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To strengthen these results, we then stably transfected wild-type and RIPKO MEFs with a green fluorescent protein (GFP)- or a GFP-LCoR-expressing vector. MEFs transfected with the GFP-LCoR plasmid showed stronger LCoR mRNA expression than those transfected with GFP (Figure 5c). As before, LCoR overexpression in wild-type MEFs reduced cell proliferation compared with MEFs that express only GFP (Figure 5d). Remarkably, LCoR overexpression in RIPKO MEFs significantly promoted cell proliferation, in line with the results obtained in human breast cancer cell lines. Altogether, these two series of data indicate that RIP140 is necessary for the full repressive effect of LCoR on cell proliferation.

RIP140 interacts with LCoR

We next asked whether RIP140 and LCoR could be part of the same protein complex. Immunoprecipitation of tagged RIP140 from COS7 cells that ectopically express c-Myc-RIP140 and/or Flag-LCoR could pull-down also Flag-LCoR, when the two proteins were co-expressed (Figure 6a, upper panels). The interaction was specific because an unrelated antibody failed to immunoprecipitate RIP140 and LCoR. Similarly, the anti-Flag antibody could immunoprecipitate LCoR and also c-Myc-RIP140, when co-expressed (Figure 6a, lower panels), further confirming that the two proteins can interact in a cellular context.

Figure 6.
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LCoR interacts with RIP140. (a) LCoR and RIP140 coimmunoprecipitate. COS7 cells were transfected with Flag-LCoR and/or c-Myc-RIP140 expression plasmids, as indicated. Two days after transfection, whole-cell protein lysates were immunoprecipitated with the anti-c-Myc, the anti-Gal4DBD antibody (control) (upper panels) or the anti-Flag antibody (lower panels) and analyzed by western blotting using anti-c-Myc or anti-Flag antibodies. An aliquot of each extract was also immunoblotted to evaluate the expression levels of LCoR and RIP140 (input). (b) COS7 cells were transfected with CFP-LCoR, CFP-LCoR2 and/or Cherry-RIP140 expression plasmids, as indicated. Two days after transfection, cells are analyzed as in Figure 1c. (c) In situ proximity ligation assay between LCoR and RIP140 in MCF7 cells using anti-RIP140 and anti-LCoR antibodies diluted in phosphate-buffered saline–1% bovine serum albumin. (d) GST pull-down assays were carried out using bacterially expressed GST and GST-RIP140 fragments and 35S-labeled LCoR and LCoR deletion mutants. (e) Schematic representation of full-length and LCoR deletion mutants (left). GST pull-down assays were carried out as in d with GST and the indicated GST-LCoR fragments and 35S-labeled RIP140 (right).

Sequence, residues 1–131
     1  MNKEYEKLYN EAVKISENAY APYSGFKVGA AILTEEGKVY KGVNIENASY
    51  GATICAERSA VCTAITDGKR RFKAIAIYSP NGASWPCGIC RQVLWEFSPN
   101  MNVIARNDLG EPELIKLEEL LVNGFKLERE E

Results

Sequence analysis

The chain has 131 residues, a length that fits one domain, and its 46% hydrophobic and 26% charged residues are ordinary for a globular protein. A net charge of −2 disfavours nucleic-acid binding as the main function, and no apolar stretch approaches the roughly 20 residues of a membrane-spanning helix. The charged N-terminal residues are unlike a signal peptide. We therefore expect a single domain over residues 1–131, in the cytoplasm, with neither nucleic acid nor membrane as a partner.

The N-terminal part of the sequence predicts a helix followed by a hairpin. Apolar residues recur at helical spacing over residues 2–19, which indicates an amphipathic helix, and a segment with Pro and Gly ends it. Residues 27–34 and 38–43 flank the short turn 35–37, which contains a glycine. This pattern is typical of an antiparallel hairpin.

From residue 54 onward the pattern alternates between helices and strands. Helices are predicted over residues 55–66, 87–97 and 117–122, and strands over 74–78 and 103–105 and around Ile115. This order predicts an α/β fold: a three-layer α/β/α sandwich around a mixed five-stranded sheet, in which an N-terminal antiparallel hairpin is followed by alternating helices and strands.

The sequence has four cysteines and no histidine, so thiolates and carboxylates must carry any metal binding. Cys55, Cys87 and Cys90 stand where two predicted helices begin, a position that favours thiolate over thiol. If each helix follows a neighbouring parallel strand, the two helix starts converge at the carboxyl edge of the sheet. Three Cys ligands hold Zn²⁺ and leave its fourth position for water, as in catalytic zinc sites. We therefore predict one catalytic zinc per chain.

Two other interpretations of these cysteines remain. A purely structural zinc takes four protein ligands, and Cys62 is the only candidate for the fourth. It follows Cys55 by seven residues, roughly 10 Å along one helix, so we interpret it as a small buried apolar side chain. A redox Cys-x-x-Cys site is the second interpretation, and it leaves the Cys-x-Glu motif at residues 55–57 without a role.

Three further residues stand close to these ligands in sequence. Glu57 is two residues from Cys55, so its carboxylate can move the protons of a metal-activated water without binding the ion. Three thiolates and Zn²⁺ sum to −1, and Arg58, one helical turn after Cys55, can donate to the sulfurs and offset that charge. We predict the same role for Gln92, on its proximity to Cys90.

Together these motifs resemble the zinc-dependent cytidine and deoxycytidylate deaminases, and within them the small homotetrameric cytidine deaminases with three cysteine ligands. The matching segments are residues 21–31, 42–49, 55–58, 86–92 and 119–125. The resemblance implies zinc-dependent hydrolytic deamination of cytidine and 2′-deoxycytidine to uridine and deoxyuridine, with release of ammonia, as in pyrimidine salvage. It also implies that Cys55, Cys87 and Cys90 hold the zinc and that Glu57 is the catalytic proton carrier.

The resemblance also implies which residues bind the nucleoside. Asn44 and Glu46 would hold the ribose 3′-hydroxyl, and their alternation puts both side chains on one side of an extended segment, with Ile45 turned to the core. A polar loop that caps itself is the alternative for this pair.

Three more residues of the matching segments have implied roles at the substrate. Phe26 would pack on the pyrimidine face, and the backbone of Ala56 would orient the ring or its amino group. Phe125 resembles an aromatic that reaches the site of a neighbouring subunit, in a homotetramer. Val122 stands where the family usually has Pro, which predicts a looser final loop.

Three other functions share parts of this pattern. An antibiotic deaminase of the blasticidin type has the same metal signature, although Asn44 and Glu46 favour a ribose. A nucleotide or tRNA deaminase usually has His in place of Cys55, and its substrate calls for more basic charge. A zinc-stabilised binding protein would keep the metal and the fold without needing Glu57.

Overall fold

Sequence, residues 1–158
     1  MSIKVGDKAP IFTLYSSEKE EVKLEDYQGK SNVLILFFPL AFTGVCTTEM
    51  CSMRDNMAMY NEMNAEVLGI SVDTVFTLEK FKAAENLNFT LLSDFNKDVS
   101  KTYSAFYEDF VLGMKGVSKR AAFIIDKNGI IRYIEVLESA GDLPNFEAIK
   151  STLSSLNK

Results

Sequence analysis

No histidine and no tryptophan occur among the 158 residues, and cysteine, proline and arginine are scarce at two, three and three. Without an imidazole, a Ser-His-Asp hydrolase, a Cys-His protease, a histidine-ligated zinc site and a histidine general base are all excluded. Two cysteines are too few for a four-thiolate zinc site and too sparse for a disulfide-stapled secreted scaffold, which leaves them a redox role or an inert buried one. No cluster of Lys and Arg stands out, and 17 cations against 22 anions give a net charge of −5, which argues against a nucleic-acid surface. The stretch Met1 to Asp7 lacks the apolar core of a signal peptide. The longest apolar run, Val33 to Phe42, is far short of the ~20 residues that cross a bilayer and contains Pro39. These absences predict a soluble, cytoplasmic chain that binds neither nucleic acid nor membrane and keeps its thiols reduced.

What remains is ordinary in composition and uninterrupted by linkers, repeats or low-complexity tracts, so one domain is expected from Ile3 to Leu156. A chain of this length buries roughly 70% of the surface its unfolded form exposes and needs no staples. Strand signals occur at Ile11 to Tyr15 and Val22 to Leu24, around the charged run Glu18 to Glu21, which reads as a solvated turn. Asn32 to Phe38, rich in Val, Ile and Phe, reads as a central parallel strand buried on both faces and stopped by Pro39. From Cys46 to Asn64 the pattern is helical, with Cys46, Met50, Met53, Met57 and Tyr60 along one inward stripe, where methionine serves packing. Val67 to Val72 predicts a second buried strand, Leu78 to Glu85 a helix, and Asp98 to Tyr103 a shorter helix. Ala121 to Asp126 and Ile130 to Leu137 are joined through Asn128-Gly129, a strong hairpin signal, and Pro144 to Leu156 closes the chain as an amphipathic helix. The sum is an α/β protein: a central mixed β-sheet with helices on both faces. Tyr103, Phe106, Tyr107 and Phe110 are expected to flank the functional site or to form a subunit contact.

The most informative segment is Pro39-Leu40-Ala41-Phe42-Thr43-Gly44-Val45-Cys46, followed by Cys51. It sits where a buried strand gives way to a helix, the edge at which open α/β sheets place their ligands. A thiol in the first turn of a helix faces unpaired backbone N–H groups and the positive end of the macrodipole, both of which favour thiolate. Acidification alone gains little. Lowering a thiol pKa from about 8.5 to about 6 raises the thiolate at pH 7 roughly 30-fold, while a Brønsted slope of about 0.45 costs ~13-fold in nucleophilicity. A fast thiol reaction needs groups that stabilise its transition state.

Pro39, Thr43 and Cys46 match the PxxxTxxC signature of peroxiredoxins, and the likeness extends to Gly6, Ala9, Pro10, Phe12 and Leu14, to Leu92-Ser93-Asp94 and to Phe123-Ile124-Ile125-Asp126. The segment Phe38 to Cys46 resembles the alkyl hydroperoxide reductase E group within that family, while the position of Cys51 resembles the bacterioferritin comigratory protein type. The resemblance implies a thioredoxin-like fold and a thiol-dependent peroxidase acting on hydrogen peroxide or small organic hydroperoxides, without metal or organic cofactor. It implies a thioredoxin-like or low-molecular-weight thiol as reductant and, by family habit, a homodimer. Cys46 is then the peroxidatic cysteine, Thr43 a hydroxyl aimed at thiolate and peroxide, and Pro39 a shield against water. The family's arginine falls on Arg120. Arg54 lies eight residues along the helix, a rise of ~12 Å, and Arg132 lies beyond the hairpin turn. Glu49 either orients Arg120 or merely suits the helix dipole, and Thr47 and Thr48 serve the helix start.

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Confocal microscopy using COS7 cells transfected with CFP-tagged LCoR or LCoR2 or Cherry-tagged RIP140 indicated that LCoR and RIP140 formed nuclear foci (Figure 6b, upper panels). When LCoR or LCoR2 was co-expressed with RIP140, these proteins did not form nuclear foci, but displayed a diffuse nuclear localization. Moreover, when the CFP and the Cherry channels were merged, the two images could be superimposed, indicating that RIP140 and LCoR/LCoR2 colocalized (Figure 6b, middle and lower panels).

To determine whether endogenous LCoR and RIP140 interacted, we next performed proximity ligation assays in MCF7 breast cancer cells, which confirmed the interaction between the two transcription factors (Figure 6c). Interestingly, we also described an interaction between endogenous LCoR and RIP140 in two other breast cancer cell lines, that is, T47D and HCC19317 (Supplementary Figure S6A). We observed many nuclear and cytoplasmic dots, whereas CFP-LCoR and Cherry-RIP140 were exclusively nuclear. These data prompted us to perform immunofluorescence experiments to investigate the localization of the endogenous proteins. LCoR expression was evenly distributed between cytoplasm and nucleus, whereas RIP140 was mostly nuclear with discrete foci and exhibited only a faint cytoplasmic expression (Supplementary Figure S6B).

To identify the LCoR and RIP140 domains involved in the interaction, we performed GST pull-down experiments with various deletion mutants. We found that the N-terminal (27–439) and C-terminal (683–1158) domains of RIP140 interacted with the C-terminal region (337–433) of LCoR (Figure 6d). Moreover, the HTH domain of LCoR pulled-down full-length RIP140, whereas the LCoR(ΔHTH) mutant interacted only weakly with RIP140 (Figure 6e). These results suggest that the HTH domain of LCoR is the major region for interaction with RIP140.

RIP140 regulates LCoR gene expression